Pittsburgh Panthers: The Days of Dorsett and Marino(1973-1983)
Pitt won four National Championships before this era started. Their first came in 1910 under head coach Joseph Thompson. Pitt took home two more in 1916 and 1918 under Pop Warner. Then, Jock Sutherland earned the fourth National Championship in 1937 after leading the Panthers to four Rose Bowl berths. Those years are so far gone though and they have been pushed to the side because of this run. This was Pitt football at it's peak during modern times.
After the end of the 1972 season, Pittsburgh football was in a dark place. From 1957 to 1972, Pitt had a total of twelve losing seasons, including nine consecutive losing years from 1964 to 1972. Then things changed when Johnny Majors left Iowa State to take the job at Pitt after Carl DePasqua got dismissed. Immediately, Pitt started to evolve into a force once again. In 1973, the Panthers completed the biggest single-season turnaround the program experienced since 1948. Pitt went from winning one game in '72 to six games in '73.
That squad made it to that year's Fiesta Bowl. This marked the first time Pitt would reach the postseason since 1956. By 1975, Pittsburgh became a force to be reckoned with. They went 8-4 that year with a victory in the Sun Bowl over Kansas. As a result, the Panthers ended the year ranked at #15, which was their first time ending a season ranked since 1963. The 1976 season, would be even better for the school.
In what would prove to be Johnny Majors' last year at Pitt, the Panthers would end up going undefeated through the regular season. Through the eleven-game set, Pittsburgh destroyed their competition, winning by an average of 20.4 points per game. Their perfect regular season also included blowout wins over #11 Notre Dame and #16 Penn State. Then, in the Sugar Bowl against #5 Georgia, the top-ranked Panthers would clinch the school's fifth National Championship. Tony Dorsett would rush for 202 yards and a touchdown on 32 carries and this helped him earn the 1976 Heisman Trophy.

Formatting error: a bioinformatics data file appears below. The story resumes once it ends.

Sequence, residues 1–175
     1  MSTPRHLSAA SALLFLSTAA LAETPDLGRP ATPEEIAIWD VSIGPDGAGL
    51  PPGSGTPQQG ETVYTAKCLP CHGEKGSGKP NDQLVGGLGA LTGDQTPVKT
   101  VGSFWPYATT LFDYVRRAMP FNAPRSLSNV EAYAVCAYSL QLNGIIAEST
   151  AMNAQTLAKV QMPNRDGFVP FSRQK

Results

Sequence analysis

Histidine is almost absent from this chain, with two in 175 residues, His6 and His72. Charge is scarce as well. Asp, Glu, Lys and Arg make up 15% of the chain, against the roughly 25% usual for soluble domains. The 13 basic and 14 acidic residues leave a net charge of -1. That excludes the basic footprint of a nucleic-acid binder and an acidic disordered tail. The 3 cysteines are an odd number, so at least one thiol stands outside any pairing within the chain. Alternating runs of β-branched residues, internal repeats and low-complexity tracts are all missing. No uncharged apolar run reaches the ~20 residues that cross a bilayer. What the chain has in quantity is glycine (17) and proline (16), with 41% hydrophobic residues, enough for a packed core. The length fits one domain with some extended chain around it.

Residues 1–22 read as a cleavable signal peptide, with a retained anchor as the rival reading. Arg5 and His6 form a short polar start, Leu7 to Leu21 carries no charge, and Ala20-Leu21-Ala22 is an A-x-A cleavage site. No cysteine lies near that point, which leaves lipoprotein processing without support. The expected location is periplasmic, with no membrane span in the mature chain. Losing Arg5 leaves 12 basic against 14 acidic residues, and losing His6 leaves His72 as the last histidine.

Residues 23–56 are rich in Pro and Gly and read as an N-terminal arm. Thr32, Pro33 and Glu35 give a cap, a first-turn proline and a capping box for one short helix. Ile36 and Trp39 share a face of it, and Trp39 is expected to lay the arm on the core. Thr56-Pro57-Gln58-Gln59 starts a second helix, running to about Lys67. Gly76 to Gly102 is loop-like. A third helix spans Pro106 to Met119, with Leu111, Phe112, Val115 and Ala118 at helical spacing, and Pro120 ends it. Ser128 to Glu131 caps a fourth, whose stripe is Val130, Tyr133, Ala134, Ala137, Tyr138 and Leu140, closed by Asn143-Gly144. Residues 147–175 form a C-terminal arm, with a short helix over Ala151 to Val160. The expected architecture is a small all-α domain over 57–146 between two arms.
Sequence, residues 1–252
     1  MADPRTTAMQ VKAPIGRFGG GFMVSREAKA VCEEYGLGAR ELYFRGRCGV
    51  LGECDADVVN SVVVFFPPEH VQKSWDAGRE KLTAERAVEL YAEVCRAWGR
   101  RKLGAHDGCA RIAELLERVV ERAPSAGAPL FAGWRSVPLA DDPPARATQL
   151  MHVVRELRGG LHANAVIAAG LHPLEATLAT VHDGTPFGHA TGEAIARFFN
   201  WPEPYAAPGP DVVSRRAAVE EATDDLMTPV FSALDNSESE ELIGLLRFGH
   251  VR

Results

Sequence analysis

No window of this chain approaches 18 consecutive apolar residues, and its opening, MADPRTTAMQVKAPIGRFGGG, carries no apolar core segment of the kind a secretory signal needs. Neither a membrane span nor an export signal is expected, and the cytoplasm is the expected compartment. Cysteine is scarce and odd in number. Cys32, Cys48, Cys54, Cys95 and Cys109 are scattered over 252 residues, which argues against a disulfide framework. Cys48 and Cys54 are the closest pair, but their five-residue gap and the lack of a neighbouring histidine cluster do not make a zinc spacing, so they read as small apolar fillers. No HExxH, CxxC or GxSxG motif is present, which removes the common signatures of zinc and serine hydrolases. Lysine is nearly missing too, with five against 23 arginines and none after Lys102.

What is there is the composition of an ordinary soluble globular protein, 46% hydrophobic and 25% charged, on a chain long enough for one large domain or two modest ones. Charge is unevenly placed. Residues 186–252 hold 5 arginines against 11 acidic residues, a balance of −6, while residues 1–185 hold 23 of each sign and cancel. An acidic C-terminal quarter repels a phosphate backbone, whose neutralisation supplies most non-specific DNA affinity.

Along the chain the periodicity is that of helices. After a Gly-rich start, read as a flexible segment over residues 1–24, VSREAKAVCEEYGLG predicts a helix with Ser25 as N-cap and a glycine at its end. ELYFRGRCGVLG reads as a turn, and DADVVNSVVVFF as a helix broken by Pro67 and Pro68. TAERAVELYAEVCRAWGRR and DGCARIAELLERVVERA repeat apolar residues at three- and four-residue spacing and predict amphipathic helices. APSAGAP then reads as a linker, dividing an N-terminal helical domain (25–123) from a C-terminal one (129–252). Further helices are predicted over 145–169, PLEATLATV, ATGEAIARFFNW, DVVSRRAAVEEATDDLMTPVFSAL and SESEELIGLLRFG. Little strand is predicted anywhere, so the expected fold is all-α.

In 1977, Jackie Sherrill took Majors' place after he left for his most notable job in Tennessee. Sherrill continued the success that was established as in his first year, Pitt went 9-2-1 with a win in the Gator Bowl, good enough to end the year ranked 8th. In 1979, Dan Marino arrived and Pitt started a streak of three consecutive, eleven-win seasons. That year, the Panthers took down Arizona in the Fiesta Bowl. In 1980, they blew out South Carolina for a win in the Gator Bowl. However, most likely due to a loss against #11 Florida State in early October, couldn't rank higher than second in the final AP poll, denying them a chance at another national title.
In 1981, Pittsburgh did become the #1 team in the country in early November and was in a prime position to still be #1 before the bowl season. However, in the final regular season game at home, Pitt got smoked by #11 Penn State. Pitt dropped to 10th and their chances of winning the title that year went up in smoke. Pitt still got passed Georgia in the Sugar Bowl and finished 4th in the poll. In 1982, Foge Fazio stepped in as head coach and Pitt continued the consistent winning.
They started the season at the #1 spot and seemed to be in the running once again for a title. But on the first week of November, those chances once again, diminished after an upset loss to Notre Dame. Ranked 5th in the last week of the regular season, they would get beat by #2 Penn State by a 19-10 score. The Panthers would make the Cotton Bowl but were defeated in a 7-3 struggle against SMU. In 1983, Marino left for the NFL and Pitt struggled.
While Pittsburgh did finish 1983 with a solid 8-3-1 record, they didn't start the season ranked and suffered an upset loss to unranked Maryland in late September. Fazio's crew would play in another Fiesta Bowl but would come up short in a loss to Ohio State. After '83, the wheels would fall off the wagon and Pittsburgh would only play in three more bowl games throughout the rest of the 20th century. However, with six finishes in the top 10, along with a National Championship and a Heisman winner, it's hard to debate that this isn't the greatest era in Pittsburgh Panthers football.